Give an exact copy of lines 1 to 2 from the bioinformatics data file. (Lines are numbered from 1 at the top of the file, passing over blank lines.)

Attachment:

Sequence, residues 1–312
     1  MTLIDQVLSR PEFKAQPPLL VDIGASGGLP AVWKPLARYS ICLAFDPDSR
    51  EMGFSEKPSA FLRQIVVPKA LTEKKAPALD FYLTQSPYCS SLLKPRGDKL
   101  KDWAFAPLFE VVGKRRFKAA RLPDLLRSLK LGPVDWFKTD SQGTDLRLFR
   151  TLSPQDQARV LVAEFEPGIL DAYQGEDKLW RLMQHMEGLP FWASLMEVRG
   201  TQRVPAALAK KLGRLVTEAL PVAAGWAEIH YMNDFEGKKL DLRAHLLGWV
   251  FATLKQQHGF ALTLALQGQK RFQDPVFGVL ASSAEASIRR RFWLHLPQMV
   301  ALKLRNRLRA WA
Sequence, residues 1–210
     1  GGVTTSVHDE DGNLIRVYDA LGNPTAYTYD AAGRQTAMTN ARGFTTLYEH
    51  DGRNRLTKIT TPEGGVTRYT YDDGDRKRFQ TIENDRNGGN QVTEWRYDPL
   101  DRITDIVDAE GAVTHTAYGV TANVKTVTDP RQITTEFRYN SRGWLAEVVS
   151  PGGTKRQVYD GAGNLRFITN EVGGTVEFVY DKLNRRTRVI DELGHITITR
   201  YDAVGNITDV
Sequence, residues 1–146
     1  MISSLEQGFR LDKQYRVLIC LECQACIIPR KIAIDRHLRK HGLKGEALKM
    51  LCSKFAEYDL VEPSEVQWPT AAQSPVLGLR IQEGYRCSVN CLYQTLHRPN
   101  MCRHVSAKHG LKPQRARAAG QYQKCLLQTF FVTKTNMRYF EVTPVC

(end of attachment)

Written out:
Sequence, residues 1–312
     1  MTLIDQVLSR PEFKAQPPLL VDIGASGGLP AVWKPLARYS ICLAFDPDSR